He recommenced his journey to the southernmost point in India, to Cape Comrin, this time on a horseback. This did not last very long as the horse fell and fractured its leg. So, Robert resumed his journey on foot, visiting places of historic significance and making notes on the culture. He arrived at Idiangudi, which means a Shepherd’s House and pitched his tent there. For the next fifty years Caldwell remained a missionary, priest, philologist, scholar, bishop and above all a man who loved God and loved God’s people. He married Eliza, daughter of another missionary and together, they preached the gospel, taught catechism, developed schools and colleges and established churches. Summarising this phenomenal life in few paragraphs is futile. The comprehensive biography of Caldwell by Prof Vincent Kumaradoss is something everyone who is serious about the Good News of Christ should read. His life, learning, discipline and devotion are more relevant today than ever before. If it is possible, it would be worth considering inviting Prof Vincent to visit Scotland this year on a lecture tour to address churches and communities interested in this wonderful life. If you are interested in taking this idea of a series of lectures, please write to the editor at rector@st-johns-aberdeen.org The following record obtained from the University of Glasgow.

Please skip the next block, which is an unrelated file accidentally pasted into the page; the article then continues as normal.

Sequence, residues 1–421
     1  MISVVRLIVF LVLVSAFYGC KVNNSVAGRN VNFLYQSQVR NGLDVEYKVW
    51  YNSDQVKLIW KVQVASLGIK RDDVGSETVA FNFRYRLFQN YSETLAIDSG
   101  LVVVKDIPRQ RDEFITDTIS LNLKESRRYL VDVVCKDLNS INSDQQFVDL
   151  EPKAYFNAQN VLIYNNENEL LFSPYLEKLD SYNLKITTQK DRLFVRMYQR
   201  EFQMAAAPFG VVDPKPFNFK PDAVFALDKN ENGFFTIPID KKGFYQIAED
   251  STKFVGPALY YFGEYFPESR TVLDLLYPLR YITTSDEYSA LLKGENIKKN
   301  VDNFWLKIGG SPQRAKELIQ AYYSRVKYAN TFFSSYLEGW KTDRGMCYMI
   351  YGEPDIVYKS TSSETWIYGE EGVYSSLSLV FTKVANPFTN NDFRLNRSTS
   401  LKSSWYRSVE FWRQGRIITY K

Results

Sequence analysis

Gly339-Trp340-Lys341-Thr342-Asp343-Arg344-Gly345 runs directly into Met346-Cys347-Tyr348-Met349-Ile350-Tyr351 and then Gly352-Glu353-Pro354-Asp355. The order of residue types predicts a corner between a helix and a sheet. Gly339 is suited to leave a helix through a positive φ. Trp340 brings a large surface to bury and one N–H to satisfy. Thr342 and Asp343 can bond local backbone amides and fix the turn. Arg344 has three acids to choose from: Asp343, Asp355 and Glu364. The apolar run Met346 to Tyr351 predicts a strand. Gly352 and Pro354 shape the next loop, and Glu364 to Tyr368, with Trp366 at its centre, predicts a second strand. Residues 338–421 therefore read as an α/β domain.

[close]

p. 12



[close]

p. 13